200-plus-pound fish swim in Texas rivers, some over 50 years old

Have you heard of alligator gar?

David Solorio, John Solorio, Chris Solorio

TEXAS – What is 7 feet long, 50 years old and weighs over 200 pounds? It's an alligator gar, and it's swimming in rivers and lakes across the U.S., including Texas.

The Trinity River is a hot spot for fishermen looking to nab an alligator gar, the largest fish in the gar family.

Angler and alligator gar expert Chris Moody shared photos with KSAT of some recent gar caught on a fishing trip near Corsicana on the Trinity River, showing two massive alligator gar.

"The largest fish was caught about two weeks ago and weighed over 200 pounds. She was 7 feet, 6 inches and had a girth of 40 inches," Moody said. "The other fish was 7 feet, 4 inches."

Photo courtesy: Chris Moody

Texas Parks and Wildlife notes the prehistoric fish are the largest and longest freshwater species in the state, "with recent catches of fish more than 8 feet long and 60 years old."

Moody, an alligator gar fishing guide who has over 25 years in the business, told KSAT he uses fresh cut carp for bait and practices catch and release.

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The world record for an alligator gar goes to a 327-pound fish that was estimated to be 95 years old, according to TPWD. It was caught in Mississippi in 2011.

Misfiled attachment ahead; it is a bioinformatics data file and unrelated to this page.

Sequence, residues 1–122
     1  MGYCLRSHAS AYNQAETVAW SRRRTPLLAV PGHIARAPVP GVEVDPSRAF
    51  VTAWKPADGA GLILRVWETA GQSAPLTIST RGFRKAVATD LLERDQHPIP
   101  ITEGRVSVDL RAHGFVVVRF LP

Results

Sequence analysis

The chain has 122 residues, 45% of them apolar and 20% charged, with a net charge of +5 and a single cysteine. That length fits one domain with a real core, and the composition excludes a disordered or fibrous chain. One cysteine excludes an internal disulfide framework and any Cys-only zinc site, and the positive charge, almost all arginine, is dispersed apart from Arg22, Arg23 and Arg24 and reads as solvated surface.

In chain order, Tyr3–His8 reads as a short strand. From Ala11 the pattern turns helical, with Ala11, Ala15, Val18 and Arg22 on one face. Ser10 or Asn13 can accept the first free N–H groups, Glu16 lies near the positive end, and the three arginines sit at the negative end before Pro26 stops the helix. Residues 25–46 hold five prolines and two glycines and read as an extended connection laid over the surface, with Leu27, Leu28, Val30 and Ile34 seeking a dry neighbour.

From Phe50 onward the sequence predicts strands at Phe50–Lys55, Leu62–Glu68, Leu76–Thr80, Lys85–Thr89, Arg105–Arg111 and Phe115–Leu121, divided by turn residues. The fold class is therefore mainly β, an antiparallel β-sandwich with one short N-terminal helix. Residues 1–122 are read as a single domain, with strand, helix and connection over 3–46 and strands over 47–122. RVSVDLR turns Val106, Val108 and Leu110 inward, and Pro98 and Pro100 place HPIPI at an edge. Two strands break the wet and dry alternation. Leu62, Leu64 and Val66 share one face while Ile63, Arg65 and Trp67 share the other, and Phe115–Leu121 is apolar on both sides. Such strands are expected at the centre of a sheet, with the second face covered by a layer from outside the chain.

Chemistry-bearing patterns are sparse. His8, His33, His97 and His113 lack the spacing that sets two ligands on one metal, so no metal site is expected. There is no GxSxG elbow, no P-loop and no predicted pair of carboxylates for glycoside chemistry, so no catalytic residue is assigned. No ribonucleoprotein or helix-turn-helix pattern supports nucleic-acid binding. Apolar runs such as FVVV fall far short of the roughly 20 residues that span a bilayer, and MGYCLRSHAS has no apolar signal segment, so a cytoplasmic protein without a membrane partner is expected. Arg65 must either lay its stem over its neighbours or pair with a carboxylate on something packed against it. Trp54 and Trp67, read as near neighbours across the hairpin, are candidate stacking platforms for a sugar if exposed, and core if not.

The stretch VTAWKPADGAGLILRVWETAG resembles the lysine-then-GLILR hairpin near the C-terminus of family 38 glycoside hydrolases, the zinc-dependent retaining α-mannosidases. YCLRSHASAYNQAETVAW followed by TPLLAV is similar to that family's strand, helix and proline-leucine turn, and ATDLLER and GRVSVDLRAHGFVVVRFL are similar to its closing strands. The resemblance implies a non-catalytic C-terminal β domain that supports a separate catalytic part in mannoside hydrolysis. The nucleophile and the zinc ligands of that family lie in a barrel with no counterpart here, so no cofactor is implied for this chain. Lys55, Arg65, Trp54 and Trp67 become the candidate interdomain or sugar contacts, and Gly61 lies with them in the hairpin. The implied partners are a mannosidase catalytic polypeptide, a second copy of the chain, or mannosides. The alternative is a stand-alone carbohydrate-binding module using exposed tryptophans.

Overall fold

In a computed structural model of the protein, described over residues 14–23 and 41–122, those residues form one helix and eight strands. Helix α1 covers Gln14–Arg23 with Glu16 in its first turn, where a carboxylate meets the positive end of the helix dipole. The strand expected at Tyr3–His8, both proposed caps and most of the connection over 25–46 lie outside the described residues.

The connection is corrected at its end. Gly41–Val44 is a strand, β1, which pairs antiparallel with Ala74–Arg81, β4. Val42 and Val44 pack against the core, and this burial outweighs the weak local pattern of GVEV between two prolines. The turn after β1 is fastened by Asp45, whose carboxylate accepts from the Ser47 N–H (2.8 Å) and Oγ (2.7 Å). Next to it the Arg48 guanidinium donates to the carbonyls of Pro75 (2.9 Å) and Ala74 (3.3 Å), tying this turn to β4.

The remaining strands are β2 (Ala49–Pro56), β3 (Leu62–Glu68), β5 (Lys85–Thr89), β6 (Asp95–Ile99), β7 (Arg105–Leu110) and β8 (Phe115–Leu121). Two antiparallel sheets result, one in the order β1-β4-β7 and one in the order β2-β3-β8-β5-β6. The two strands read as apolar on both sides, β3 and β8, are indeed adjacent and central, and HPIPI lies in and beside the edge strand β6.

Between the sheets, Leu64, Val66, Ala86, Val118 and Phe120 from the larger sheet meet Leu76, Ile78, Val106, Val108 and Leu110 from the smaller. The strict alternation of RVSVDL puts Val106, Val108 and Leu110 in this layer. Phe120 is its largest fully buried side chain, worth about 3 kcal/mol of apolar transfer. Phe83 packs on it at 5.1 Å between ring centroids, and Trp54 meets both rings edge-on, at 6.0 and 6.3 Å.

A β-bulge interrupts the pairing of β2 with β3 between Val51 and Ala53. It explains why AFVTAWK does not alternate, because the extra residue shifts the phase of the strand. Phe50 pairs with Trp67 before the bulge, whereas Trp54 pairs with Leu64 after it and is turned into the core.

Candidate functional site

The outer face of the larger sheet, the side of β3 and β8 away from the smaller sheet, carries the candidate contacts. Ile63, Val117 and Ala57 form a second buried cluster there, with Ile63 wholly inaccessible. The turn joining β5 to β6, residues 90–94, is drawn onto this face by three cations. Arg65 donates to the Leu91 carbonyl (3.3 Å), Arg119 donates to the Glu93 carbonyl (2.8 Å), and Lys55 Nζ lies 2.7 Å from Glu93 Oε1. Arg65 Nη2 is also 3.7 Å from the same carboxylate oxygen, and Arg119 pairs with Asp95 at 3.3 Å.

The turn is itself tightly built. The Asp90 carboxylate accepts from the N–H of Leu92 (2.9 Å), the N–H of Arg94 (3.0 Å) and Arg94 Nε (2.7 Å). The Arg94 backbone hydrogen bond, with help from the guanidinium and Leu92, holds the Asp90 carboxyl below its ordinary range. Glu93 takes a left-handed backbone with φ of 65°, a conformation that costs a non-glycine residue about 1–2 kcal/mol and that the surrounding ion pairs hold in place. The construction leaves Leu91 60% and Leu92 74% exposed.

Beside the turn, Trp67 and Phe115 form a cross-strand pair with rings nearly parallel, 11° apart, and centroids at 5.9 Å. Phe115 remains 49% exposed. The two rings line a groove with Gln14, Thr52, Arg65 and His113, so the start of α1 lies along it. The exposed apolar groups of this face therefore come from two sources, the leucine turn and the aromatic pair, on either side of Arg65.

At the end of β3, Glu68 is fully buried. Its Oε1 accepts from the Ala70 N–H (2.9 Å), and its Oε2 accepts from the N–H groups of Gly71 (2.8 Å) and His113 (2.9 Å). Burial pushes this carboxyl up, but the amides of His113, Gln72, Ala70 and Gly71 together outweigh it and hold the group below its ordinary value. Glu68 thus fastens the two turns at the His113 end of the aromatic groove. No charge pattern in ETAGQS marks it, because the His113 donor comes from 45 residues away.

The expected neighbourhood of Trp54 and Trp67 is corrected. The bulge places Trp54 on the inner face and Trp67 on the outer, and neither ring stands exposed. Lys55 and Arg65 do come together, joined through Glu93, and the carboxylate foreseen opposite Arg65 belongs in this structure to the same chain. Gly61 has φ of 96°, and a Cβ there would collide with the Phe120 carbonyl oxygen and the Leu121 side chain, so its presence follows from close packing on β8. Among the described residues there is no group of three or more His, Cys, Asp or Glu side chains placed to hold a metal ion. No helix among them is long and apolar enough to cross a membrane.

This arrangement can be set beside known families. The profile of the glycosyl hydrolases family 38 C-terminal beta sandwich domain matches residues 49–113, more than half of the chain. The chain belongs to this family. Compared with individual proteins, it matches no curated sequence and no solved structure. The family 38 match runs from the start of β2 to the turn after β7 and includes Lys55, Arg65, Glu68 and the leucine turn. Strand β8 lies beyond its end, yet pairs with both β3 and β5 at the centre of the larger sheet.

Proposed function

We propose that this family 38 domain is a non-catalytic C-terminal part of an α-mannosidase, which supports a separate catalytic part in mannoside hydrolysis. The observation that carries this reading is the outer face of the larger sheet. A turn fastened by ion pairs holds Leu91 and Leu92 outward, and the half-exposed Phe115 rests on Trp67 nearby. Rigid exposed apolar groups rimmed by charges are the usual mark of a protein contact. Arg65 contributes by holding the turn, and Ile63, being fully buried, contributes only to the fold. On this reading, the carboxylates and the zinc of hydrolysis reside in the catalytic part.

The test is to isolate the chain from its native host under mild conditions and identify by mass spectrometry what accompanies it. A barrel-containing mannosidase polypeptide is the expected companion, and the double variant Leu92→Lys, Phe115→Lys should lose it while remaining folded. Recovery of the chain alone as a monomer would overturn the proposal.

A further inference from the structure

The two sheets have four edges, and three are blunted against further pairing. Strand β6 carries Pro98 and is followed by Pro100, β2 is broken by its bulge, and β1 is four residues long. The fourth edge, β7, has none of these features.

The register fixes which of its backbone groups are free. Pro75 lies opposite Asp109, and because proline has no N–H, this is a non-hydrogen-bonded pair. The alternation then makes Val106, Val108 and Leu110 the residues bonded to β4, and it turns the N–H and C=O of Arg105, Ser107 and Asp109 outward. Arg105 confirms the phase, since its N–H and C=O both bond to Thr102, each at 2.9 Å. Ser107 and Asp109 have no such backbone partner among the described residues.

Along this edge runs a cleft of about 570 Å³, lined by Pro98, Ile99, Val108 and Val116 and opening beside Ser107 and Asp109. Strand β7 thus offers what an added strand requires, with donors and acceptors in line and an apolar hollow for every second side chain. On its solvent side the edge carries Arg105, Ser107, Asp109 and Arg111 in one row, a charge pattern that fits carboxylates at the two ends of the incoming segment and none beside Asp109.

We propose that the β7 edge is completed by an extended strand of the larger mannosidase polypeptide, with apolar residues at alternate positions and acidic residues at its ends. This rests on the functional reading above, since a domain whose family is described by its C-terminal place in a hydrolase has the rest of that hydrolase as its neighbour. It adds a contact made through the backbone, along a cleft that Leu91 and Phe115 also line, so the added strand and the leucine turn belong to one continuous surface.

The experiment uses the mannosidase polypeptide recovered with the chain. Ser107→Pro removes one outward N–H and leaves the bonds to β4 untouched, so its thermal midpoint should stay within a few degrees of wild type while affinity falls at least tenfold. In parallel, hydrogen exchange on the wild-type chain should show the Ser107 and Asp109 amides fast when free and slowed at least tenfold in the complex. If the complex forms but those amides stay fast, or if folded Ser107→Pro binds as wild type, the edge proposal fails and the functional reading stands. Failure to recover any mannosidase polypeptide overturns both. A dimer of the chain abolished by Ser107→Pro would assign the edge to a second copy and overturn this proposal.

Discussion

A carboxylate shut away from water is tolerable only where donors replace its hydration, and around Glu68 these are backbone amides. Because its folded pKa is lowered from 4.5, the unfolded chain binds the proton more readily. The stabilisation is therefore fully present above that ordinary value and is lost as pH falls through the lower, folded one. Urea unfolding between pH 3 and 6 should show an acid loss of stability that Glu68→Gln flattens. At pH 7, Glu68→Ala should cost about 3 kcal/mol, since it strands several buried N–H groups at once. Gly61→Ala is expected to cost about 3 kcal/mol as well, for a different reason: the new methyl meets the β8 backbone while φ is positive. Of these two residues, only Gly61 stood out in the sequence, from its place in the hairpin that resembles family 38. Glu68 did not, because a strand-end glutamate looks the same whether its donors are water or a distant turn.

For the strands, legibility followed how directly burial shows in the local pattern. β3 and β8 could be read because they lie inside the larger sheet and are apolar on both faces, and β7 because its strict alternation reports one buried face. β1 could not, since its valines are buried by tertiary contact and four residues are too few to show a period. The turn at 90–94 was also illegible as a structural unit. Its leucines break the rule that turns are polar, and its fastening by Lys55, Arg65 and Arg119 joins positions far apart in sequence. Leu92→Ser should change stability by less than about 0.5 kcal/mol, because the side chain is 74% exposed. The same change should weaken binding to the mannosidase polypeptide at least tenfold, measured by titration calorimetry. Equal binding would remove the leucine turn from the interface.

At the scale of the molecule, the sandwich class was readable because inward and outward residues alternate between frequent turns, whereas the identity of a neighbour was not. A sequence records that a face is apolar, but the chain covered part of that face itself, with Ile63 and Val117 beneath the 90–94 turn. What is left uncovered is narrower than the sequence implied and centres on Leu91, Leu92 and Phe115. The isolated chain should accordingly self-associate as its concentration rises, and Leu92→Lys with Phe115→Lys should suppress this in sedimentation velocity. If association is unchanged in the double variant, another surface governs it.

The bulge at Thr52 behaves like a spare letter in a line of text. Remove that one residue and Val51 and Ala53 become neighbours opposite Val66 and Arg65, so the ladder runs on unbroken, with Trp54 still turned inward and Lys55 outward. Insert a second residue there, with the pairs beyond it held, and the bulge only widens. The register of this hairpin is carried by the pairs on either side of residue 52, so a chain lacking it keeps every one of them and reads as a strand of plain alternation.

To avoid overfishing, the TPWD imposed a statewide bag limit of one alligator gar per day in 2009.

Despite their appearance, alligator gar aren't known to attack humans and their teeth are designed to hold and subdue prey, not tear it apart.

Bubba Bedre, another alligator gar fishing expert, was featured on Animal Planet's TV show "River Monsters" in 2009.

Bedre said the best time for alligator gar fishing is April to October and that his most recent monster gar catch was 8 feet, 4 inches long and 265 pounds.

Photo courtesy: Bubba Bedre

About the Author:

Mary Claire Patton has been a journalist with KSAT 12 since 2015. She has reported on several high-profile stories during her career at KSAT and specializes in trending news and things to do around Texas and San Antonio.